Mutual fund companies may soon find the small, and sometimes not so small, perks from brokerage houses run dry.
In fact, NYSE recently sent a one-page proposal to the Securities Industry Association that would require upper management sign-offs on business travel and expenses, along with added disclosure. In cases where travel involves private jets and hotel stays of two nights or more, some at the NYSE believe the compliance department should get involved.
The Securities and Exchange Commission doesn't have any clear-cut rules on gifts from brokers to mutual funds, only requiring fund companies to keep the best interest of their shareholders in mind, and NASD's current rule limits expenditures per client to $100 a year.
Some of the new ideas being bounced around hinge on a $350 price point. One notion at the NASD, for example, would limit a brokerage firm's expenditures per client to $350 a year. If the Big Board has its way, the rules would be a little more lenient, permitting a brokerage firm to spend $350 a head per business event and up to $1,000 a person for a conference.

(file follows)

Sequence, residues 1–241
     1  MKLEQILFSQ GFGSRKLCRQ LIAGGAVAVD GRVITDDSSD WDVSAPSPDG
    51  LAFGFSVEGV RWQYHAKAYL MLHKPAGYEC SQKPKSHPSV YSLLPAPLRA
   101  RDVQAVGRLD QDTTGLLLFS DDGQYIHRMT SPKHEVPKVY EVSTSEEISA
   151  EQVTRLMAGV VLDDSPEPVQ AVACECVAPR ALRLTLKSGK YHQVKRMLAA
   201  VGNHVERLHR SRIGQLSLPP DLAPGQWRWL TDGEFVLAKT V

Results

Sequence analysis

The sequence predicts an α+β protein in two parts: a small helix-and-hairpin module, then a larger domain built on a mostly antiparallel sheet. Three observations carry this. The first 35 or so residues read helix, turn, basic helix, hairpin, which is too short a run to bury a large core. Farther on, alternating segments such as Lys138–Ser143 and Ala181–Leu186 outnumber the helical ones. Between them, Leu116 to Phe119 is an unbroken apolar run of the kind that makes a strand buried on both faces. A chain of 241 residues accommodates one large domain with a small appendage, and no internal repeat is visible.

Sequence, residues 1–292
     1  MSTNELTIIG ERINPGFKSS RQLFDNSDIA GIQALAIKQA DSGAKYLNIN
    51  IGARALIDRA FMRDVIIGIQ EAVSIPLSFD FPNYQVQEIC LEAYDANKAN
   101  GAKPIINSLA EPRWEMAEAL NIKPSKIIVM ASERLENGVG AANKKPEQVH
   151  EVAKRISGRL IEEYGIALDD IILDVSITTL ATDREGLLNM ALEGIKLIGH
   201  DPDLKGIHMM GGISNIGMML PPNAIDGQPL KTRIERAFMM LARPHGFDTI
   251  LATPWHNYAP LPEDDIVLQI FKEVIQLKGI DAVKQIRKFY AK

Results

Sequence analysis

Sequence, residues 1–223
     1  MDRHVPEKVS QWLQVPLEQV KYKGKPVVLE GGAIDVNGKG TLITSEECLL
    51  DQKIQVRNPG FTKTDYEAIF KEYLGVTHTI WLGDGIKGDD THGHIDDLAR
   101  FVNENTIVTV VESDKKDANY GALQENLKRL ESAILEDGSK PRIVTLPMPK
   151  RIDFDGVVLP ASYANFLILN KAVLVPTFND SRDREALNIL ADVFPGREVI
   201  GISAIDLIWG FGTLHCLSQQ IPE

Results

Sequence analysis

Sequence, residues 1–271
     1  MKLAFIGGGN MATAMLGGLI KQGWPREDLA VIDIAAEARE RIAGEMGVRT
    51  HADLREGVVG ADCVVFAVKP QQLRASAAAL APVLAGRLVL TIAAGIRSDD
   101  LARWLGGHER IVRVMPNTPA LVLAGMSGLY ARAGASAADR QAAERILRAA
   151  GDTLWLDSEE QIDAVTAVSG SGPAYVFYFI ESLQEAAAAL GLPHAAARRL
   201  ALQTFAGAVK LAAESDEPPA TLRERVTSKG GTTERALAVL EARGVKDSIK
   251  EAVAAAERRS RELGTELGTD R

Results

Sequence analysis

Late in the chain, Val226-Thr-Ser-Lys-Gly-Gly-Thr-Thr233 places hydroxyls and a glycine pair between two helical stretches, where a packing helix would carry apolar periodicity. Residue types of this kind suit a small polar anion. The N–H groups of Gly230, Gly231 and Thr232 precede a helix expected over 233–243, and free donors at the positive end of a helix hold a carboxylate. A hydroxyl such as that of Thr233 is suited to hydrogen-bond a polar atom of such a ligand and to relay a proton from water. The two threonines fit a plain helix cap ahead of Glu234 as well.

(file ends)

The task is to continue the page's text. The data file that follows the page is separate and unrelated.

At issue is the integrity of the directed-brokerage business between mutual fund companies and their Wall Street partners. According to the Journal, these gifts can sometimes get out of hand. One Jefferies Group trader shelled out $10,000 worth of expensive wine to his counterparts at Fidelity Investments, WSJ reports.
And as MME reports in this Monday's edition (see "Fidelity Gift Probe reaches Executive Suite"), the SEC is now looking into tickets to the 2002 Winter Olympics that Fidelity Chairman Ned Johnson received, along with other allegedly questionable gift-giving to his daughter, Abigail Johnson, and star portfolio manager Peter Lynch.
The staff of Money Management Executive ("MME") has prepared these capsule summaries based on reports published by the news sources to which they are attributed. Those news sources are not associated with MME, and have not prepared, sponsored, endorsed, or approved these summaries.